22 We also ran data by state on several other key factors that could affect insurance rates, including seatbelt laws, bad faith claims settlement laws, uninsured motorist population, size of the residual market, the legal regime in use for auto claims, thefts per 1,000 vehicles, disposable income, repair costs and other factors, as shown in the spreadsheets immediately above. Overall, the Prior Approval system of regulation works best for consumers overall. This system is best at holding prices down, yet allowing reasonable insurer profit and maintaining a competitive market. It is also clear that the worst regulatory regime for consumers is the socalled Competitive system, which does not hold down prices, allows somewhat higher profits than other regimes and results in less competitive markets. II. California Stands Out from All Other States in Having the Best Regulatory System for Protecting Consumers. In our review of the findings cited above, we found that one state passed virtually every test for good performance, with the exception of a high uninsured motorist population and profit levels for insurers that are somewhat high. We found the following results for California: Ranked first among all states in holding down rate increases; Ranked fourth in market competitiveness as measured by the HHI; The only state to totally repeal its antitrust exemption for automobile insurers; Has a low residual market population e.g. low level of participation in higher cost assigned risk plans; Among the eleven states with the highest ranking from the Insurance Institute for Highway Safety for strong seat belt laws; One of only four states to guarantee insurance to a good driver from the insurer the driver chooses; The only state to require that a person s driving record is the most important factor in determining insurance rates; One of only three states to ban the use of credit scoring; and The only state that funds consumer participation in the ratemaking process if they make a substantial contribution. On the negative side, California s uninsured motorist population is high the third highest in the nation according to the industry organization, the Automobile Insurance Plans Services Office, and about 20 th in the nation according to the California Department of Insurance estimate. Profits for insurers over the last 15 years have also been too high. On balance, California is clearly the best state in the nation for consumers buying auto insurance. We therefore studied the California system in-depth. 21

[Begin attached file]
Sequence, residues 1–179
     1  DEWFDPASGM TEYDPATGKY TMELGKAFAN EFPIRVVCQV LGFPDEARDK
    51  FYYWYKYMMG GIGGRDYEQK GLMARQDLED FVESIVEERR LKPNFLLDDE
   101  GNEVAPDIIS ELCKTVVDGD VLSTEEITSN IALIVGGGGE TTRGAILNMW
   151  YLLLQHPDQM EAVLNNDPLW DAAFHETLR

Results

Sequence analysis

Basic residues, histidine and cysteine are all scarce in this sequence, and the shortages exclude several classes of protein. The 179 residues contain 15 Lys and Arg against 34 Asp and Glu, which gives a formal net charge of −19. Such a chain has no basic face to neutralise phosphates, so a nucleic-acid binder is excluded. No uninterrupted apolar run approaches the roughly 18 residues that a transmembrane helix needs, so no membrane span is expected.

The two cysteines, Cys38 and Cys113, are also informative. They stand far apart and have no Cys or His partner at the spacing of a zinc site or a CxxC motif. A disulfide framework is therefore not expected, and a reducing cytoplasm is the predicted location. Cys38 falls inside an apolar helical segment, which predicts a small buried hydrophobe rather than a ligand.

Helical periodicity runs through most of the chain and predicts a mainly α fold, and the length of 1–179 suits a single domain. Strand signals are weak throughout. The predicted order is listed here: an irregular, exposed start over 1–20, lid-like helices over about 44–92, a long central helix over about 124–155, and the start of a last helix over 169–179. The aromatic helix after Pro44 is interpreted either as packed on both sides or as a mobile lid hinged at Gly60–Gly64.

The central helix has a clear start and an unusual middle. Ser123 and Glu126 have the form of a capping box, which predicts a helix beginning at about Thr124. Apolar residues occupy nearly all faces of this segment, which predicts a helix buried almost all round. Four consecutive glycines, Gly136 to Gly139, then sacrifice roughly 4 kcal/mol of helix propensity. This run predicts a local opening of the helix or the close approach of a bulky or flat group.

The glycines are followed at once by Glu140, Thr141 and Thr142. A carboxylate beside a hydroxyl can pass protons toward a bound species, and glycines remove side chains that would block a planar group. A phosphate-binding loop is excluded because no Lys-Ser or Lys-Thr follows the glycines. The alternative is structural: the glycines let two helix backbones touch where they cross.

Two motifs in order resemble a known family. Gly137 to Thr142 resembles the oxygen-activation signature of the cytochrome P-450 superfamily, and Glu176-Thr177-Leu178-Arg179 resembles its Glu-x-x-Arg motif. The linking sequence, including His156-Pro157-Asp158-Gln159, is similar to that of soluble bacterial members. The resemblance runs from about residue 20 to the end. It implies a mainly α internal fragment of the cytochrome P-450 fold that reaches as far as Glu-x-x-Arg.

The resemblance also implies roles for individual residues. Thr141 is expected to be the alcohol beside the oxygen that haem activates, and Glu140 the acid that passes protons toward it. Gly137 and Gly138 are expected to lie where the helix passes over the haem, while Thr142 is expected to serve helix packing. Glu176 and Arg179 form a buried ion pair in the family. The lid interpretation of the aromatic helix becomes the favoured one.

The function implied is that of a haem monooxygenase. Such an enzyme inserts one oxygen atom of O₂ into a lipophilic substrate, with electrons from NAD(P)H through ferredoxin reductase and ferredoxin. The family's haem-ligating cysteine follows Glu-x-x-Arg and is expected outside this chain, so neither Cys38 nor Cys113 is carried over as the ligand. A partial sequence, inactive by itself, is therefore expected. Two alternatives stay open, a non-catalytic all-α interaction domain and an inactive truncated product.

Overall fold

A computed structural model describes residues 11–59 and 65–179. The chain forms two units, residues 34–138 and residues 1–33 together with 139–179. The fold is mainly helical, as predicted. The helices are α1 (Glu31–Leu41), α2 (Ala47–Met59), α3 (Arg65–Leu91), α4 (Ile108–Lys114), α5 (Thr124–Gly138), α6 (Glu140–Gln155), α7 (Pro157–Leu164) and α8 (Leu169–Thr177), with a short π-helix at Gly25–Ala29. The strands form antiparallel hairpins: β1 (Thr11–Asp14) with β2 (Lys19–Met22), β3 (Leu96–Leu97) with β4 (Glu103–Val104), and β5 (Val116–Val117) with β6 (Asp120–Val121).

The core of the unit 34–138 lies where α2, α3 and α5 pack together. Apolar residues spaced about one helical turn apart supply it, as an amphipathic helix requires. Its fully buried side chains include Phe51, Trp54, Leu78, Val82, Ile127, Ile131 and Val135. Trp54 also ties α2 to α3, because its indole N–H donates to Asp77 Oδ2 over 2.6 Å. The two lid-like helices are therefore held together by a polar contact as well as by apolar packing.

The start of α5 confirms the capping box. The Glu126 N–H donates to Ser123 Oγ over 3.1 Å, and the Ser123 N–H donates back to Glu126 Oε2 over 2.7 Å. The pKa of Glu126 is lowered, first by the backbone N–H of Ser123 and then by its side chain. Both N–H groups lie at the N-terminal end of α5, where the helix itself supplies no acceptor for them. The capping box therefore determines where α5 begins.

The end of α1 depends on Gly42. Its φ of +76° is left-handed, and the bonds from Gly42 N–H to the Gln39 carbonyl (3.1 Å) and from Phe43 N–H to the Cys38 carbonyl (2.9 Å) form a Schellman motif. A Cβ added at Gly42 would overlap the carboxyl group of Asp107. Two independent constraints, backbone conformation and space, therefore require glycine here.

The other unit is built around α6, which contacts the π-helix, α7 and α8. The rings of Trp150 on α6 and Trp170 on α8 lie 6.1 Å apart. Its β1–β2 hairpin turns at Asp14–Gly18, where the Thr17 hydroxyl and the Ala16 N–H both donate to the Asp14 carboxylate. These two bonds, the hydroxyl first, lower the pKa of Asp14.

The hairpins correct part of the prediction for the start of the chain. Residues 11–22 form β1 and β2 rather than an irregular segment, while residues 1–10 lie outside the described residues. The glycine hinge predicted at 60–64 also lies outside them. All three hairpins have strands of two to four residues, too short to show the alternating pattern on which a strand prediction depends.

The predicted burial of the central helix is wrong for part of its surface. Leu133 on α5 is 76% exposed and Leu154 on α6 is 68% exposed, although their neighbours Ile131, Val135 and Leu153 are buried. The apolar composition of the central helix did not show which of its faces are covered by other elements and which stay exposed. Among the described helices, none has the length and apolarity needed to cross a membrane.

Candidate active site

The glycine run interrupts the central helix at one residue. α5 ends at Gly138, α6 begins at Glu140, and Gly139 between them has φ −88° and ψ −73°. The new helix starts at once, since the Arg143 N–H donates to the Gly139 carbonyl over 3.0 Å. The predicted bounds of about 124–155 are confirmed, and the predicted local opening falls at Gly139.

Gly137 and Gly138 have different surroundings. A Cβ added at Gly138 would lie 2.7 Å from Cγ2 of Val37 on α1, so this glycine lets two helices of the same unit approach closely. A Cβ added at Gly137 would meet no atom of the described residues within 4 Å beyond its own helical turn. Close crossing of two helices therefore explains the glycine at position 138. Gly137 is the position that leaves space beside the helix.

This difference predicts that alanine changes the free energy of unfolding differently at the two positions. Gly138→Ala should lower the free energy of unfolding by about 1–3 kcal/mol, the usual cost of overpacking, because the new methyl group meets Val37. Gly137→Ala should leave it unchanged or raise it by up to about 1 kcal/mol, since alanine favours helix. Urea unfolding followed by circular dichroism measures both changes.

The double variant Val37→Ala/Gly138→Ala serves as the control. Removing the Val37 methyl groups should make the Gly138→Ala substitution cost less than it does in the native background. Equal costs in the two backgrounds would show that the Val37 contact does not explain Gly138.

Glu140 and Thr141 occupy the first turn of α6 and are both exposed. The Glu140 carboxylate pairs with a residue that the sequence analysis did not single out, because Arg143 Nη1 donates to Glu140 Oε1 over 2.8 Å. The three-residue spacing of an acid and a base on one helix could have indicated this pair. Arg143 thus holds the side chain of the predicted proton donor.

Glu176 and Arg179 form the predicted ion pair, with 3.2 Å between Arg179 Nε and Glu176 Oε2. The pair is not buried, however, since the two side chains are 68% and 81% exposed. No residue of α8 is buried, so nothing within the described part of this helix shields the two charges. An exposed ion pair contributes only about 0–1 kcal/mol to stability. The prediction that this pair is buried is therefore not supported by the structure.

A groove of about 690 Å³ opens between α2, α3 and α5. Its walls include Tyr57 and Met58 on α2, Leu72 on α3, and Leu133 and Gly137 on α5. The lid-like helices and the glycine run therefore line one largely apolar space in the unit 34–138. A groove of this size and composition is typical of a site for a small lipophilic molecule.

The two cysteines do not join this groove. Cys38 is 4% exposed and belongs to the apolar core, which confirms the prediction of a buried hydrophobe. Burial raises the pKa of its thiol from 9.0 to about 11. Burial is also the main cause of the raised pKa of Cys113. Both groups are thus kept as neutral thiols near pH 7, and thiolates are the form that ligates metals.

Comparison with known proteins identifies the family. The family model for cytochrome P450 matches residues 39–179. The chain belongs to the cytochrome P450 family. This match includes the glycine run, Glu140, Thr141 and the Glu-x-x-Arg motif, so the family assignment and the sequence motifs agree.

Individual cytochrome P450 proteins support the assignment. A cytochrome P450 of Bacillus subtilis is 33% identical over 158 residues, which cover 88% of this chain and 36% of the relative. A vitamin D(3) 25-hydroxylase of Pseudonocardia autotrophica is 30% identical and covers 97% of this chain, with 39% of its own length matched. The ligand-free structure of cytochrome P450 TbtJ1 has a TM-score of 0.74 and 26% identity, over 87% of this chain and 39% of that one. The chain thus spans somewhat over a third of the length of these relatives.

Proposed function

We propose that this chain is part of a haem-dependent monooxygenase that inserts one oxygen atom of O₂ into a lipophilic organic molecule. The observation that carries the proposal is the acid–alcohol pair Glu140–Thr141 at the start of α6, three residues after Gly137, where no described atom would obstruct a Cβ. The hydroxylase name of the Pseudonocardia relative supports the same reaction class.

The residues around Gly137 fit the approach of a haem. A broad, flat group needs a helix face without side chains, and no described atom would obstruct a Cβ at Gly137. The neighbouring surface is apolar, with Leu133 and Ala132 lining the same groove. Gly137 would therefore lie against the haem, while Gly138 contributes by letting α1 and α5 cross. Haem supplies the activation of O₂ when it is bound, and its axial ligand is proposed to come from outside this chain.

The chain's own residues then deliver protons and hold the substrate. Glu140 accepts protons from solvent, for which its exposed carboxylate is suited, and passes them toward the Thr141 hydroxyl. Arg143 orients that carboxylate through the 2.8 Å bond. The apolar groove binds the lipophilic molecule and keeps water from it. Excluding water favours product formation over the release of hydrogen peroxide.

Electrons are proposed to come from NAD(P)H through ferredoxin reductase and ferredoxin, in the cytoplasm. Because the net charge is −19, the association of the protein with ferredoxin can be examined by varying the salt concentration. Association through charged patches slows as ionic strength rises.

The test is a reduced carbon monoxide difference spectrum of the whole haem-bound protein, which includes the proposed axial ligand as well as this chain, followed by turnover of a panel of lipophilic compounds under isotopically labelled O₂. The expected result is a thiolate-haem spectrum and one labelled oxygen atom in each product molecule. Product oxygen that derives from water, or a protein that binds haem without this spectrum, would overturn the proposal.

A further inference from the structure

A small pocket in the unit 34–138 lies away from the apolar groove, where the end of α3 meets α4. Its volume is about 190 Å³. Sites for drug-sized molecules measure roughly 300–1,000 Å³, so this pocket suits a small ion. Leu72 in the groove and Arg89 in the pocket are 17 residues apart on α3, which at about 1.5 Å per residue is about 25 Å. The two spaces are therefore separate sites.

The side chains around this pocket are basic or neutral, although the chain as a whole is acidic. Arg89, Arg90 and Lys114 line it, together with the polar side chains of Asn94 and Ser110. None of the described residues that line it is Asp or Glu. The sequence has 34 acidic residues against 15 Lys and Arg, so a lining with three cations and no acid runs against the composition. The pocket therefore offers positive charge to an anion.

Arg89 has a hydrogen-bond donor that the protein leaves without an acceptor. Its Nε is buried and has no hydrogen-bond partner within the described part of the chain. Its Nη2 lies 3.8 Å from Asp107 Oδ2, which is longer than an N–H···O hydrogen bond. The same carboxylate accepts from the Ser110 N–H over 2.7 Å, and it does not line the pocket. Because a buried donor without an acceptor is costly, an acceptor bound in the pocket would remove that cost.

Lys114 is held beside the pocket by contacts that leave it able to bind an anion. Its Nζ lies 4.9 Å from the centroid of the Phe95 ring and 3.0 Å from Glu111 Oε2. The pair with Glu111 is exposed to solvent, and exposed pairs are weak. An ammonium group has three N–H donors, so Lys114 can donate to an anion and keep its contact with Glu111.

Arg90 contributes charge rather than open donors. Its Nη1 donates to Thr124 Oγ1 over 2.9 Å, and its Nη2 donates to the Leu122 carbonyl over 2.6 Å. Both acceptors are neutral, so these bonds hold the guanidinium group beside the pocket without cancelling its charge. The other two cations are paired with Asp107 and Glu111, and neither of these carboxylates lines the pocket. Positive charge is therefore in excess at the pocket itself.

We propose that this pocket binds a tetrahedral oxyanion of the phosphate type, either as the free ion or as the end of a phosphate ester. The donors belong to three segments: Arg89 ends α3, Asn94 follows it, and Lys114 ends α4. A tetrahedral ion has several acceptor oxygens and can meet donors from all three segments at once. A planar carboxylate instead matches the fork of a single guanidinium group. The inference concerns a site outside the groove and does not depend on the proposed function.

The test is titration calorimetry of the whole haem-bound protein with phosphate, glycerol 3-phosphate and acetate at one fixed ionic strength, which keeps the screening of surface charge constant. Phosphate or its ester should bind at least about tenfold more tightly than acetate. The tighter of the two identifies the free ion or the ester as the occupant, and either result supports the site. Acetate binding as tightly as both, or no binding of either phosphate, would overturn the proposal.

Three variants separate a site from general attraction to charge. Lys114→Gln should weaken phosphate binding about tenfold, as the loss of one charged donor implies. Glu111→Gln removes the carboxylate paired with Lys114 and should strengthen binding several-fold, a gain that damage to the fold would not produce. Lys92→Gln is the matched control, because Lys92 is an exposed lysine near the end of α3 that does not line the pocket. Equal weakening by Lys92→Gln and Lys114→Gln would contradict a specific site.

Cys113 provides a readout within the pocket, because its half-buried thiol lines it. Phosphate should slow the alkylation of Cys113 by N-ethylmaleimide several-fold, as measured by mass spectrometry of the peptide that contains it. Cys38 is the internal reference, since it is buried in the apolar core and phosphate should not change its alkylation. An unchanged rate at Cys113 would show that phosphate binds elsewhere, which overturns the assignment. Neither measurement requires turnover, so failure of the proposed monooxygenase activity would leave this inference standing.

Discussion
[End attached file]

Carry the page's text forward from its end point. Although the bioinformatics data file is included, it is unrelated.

23 PART TWO: REVIEW OF CALIFORNIA S REGULATORY SYSTEM A. EXECUTIVE SUMMARY The balance of the report is focused on the successes and failures of California s regulatory system, so that the public and policymakers can understand the details of the system that works better than any other in the nation to protect consumers. In 1988, the people of California voted to change its automobile insurance regulatory system. Proposition 103 replaced a regulatory structure that placed virtually no restrictions on how insurers determined rates or what they charged, similar to the system in use in Illinois today. Proposition 103, by contrast, took a number of steps to encourage vigorous competition, including repealing the state anti-trust exemption, improving policyholder access to key information, and allowing groups to form to purchase insurance. However, it also required insurers to meet the toughest requirements in the nation for the Prior Approval of insurance rates. I. Regulatory Standards of Excellence The study examines a variety of criteria to determine how well our best performing state, California, met the following regulatory standards of excellence: Regulations that are easily understood by, responsive and accountable to, and inspire confidence from the public and regulated companies and individuals. Beneficial competition that results in fair profits for regulated companies, reasonable rates for ratepayers and the equitable treatment of consumers. Elimination of the many problems associated with using certain criteria sometimes unjustifiably to choose whether to insure some policyholders and not others, and at what cost (known as selection competition 4 ) and a prohibition on the use of risk classification factors that are not equitable or appropriate. Broad and vigorous public involvement in the regulatory process, including institutionalized consumer participation in the review of insurance rates, forms, and underwriting guidelines. Key information is provided to regulators, regulated entities and consumers to allow them to identify market problems and harmful competition. Reduction and elimination of harmful products, and unfair and deceptive practices in the marketplace, as well as the provision of meaningful restitution to consumers harmed by these products and practices. Promotion of loss prevention and loss mitigation as the most important way for insurers to manage risk and ensure safety and soundness. 4 Insurance Commissioner Benjamin R. Schenck of New York said of selection competition: In insurance there is one form of competition that seldom exists in other products or services. That is selection competition the ability of an insurer to affect its success, not by the price or quality of its products, but by selecting its customers in a fashion that will give it an advantage over its rivals Selection competition should have few admirers. It is capable of denying to some people the opportunity to buy insurance at all in a day when many forms of insurance have become legal and practical necessities. Convention of Casualty and Surety Agents, White Sulfur Springs, West Virginia, October 9,